exceeded. Never exercise even near the maximum heart rate. Drugs, illness, coffee, and alcohol can
push the heart rate to dangerous levels. The maximum heart rate is determined as follows:

Maximum HR =220 - Age

Resting Heart Rate

Heart rate is an accurate measure of your performance during the aerobic session. However, it is not the
only indicator of your fitness level. The Resting Heart Rate (RHR) needs to be determined, particularly if
you plan to use the Karvonen method of determining your target heart rate. The resting heart rate is
measured for three consecutive mornings before you get out of bed. Keep a watch or clock with a second
hand to count the beats and count for 10 seconds then multiply the total 10-second count by 6. The
number you get is your resting heart rate. As your cardiovascular system becomes stronger, the resting
heart rate will become lower. You will then need to repeat the above measurement.

Target Heart Rate

The Target Heart Rate is the heart rate range that the participant should try to maintain during exercise.
The participant's fitness level determines which of the three intensity levels Beginner, Intermediate or
Advanced should be maintained. For each category, approximately 4 to 6 weeks should pass before
moving to the next level assuming at least three aerobic sessions a week.


LEVEL


Beginner

Intermediate

Advanced

Target HR


60% - 70%

70% - 80%

80% - 90%

Heart rate should be measured every 15 to 20 minutes for experienced participants of aerobic exercise
and every 5 - 10 minutes for beginners. Pulse rate can be measured from one of two anatomical sites, the
carotid artery or the anterior wrist. Counting should begin within 5 seconds after exercise stops and begin
with zero. Count the number of beats for 10 seconds then multiply by six to get the beats per minute.
Beta-Blocker medication lowers the overall heart rate. Raising the arms overhead produces a higher
heart rate known as the Pressor response. If the heart rate is too low, use full range of motion and more
arm movement. Conversely, if the heart rate is too high, shorten the range of motion and reduce or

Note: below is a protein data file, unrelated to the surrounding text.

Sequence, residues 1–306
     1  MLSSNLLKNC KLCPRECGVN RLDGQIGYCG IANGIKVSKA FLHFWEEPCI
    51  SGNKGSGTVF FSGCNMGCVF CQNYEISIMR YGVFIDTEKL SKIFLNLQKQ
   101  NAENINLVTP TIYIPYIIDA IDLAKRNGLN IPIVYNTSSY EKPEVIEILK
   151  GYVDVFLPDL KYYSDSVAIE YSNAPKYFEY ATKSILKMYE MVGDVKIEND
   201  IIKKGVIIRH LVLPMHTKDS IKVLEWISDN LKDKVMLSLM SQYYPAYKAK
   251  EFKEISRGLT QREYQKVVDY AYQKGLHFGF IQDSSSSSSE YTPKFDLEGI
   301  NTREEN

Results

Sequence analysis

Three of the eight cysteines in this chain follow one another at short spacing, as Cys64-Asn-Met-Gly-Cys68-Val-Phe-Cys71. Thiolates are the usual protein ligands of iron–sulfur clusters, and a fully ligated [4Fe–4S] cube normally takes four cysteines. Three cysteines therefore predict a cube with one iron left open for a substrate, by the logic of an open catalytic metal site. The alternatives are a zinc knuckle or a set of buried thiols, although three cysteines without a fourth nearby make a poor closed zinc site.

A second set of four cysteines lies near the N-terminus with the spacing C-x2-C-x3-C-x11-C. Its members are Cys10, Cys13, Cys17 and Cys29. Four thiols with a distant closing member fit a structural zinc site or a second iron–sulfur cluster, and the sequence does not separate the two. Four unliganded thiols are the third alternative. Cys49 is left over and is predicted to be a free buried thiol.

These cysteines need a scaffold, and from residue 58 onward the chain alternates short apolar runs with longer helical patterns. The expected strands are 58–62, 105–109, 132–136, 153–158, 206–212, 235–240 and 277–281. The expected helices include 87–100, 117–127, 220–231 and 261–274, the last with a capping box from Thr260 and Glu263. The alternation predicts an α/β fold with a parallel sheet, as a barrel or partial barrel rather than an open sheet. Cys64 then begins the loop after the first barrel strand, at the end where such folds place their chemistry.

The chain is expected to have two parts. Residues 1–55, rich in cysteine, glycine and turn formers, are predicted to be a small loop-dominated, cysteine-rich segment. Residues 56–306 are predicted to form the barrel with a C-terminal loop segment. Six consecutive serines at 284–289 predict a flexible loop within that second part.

eliminate arm movement. During pregnancy, heart rates should not exceed 140 bpm.

There are two methods for calculation of the target heart rate. The Standard Method is the quick method
and uses an intensity range of 60% to 90% of the maximum heart rate. The Karvonen method
incorporates the individuals resting heart rate and is therefore the more accurate method. This method
uses an intensity range of 50% to 85%. This is also the preferred method for special populations.

38
An example calculation using the Standard Method for a 40 year old for a desired aerobic intensity of 75%
would be:

Standard Target HR =%Intensity/100 x (Maximum HR)
=0.75 x (220 - 40)
=135

An example calculation using the Karvonen Method for a 40 year old with a resting heart rate of 50 bpm
for a desired aerobic intensity of 75% would be:

Karvonen Target HR =%intensity/100 x (Maximum HR - Resting HR) +Resting HR
=0.75 x (220 - 40 - 50) +50
=147



Heart Rate Reserve

The Heart Rate Reserve is used to calculate the Karvonen Method.

Heart Rate Reserve (HRR) =Maximum Heart Rate (MHR) Resting Heart Rate (RHR)


MET

The standard metabolic equivalent, or MET, level. This unit is used to estimate the amount of oxygen
used by the body during physical activity.

1 MET =the energy (oxygen) used by the body as you sit quietly, perhaps while talking on the phone or
reading a book. The harder your body works during the activity, the higher the MET.

Any activity that burns 3 to 6 METs is considered moderate-intensity physical activity. Any activity that
burns >6 METs is considered vigorous-intensity physical activity.
39

Target Heart Rate Chart











Post this chart in your class or workout area.










Chart courtesy of

INTERNATIONAL FITNESS ASSOCIATION
www.ifafitness.com
800-227-1976

40
Intentionally left blank
41

Target Heart Rate Table




AGE BEGINNER
60% - 70%
INTERMEDIATE
70% - 80%
ADVANCED
80% - 90%
Beats/min Beats/10 sec * Beats/min Beats/10 sec * Beats/min Beats/10 sec *
to 19 121 - 141 20 - 24 141 - 161 24 - 27 161 - 181 27 - 30
20 - 24 119 - 139 20 - 23 139 - 158 23 - 26 158 - 178 26 - 30
25 - 29 116 - 135 19 - 23 135 - 154 23 - 26 154 - 174 26 - 29
30 - 34 113 - 132 19 - 22 132 - 150 22 - 25 150 - 169 25 - 28
35 - 39 110 - 128 18 - 21 128 - 146 21 - 24 146 - 165 24 - 28
40 - 44 107 - 125 18 - 21 125 - 142 21 - 24 142 - 160 24 - 27
45 - 49 104 - 121 17 - 20 121 - 138 20 - 23 138 - 156 23 - 26
50 - 54 101 - 118 17 - 20 118 - 134 20 - 22 134 - 151 22 - 25
55 - 59 98 - 114 16 - 19 114 - 130 19 - 22 130 - 147 22 - 25
60 - 64 95 - 111 16 - 19 111 - 126 19 - 21 126 - 142 21 - 24
65 - 69 92 - 107 15 - 18 107 - 122 18 - 20 122 - 138 20 - 23